Field Guide to On-Farm Composting

Publication Number: NRAES-114
Cost: $22.00
Length: 118 pages
ISBN: 0-935817-39-5

This book was developed to assist in day-to-day compost system management. It is spiral bound, is printed on heavy paper, and has a laminated cover for durability. Chapter tabs make finding information a snap. Topics discussed in the book include: operations and equipment; raw materials and recipe making; process control and evaluation; site considerations, environmental management, and safety; composting livestock and poultry mortalities; and compost utilization on the farm. Highlights of the guide include an equipment identification table, diagrams showing windrow formation and shapes, examples and equations for recipe making and compost use estimation, a troubleshooting guide, and 24 full-color photos. This book is intended as a companion to the highly successful On-Farm Composting Handbook, NRAES-54. (1999)

Composting continues to gain momentum as an environmentally sound way to stabilize and reduce the volume of agricultural and municipal wastes. The publication is designed to help agricultural producers in the day-to-day management of an on-farm composting operation.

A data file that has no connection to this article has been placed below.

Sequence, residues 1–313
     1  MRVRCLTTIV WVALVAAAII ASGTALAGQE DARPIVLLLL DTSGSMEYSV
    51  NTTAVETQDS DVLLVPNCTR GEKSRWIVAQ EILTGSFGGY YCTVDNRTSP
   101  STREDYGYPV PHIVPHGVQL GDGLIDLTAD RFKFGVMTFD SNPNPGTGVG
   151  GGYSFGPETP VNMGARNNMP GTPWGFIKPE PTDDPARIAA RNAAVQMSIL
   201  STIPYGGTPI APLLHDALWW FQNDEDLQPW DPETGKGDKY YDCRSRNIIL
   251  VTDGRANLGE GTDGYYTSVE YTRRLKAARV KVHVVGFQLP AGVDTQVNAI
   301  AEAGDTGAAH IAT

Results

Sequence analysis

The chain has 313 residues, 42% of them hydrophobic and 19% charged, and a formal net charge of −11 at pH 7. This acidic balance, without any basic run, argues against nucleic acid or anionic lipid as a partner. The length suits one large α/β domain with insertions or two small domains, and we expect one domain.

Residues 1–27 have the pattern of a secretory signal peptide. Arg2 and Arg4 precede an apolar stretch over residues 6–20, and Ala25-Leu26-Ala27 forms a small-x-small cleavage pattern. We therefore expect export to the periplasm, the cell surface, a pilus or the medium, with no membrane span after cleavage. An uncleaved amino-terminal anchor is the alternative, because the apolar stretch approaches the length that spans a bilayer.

The Field Guide to On-Farm Composting ($20.00 plus S&H/sales tax, 128 pages, April 1999) is a handy reference guide that helps on-farm composters find practical information about composting quickly and easily. It answers common questions such as: What is the optimum moisture content and bulk density of a compost mix? Why is my compost operation odorous and how can I control the odor? How long does it take to compost poultry mortality? How much compost can I land apply? The field guide was developed as a companion to the best-selling PALS publication On-Farm Composting Handbook (NRAES-54) and is available from PALS Publishing. It will be a valuable educational tool for cooperative extension educators and agricultural advisors.

The Field Guide to On-Farm Composting is intended to be used in the field. It is compact, spiral-bound, and printed on durable glossy paper with a laminated cover. Colored chapter tabs make finding a specific chapter a snap. The text is supplemented with 17 tables, 24 illustrations, commonly used equations, bulleted lists, and many sample calculations for at-a-glance referencing. Other highlights include 24 color photos and a case study written by technical staff of the U.S. Department of Agriculture Natural Resources Conservation Service (USDA-NRCS); the study discusses results of agricultural field trials using compost on highly erodible soils in the state of Texas.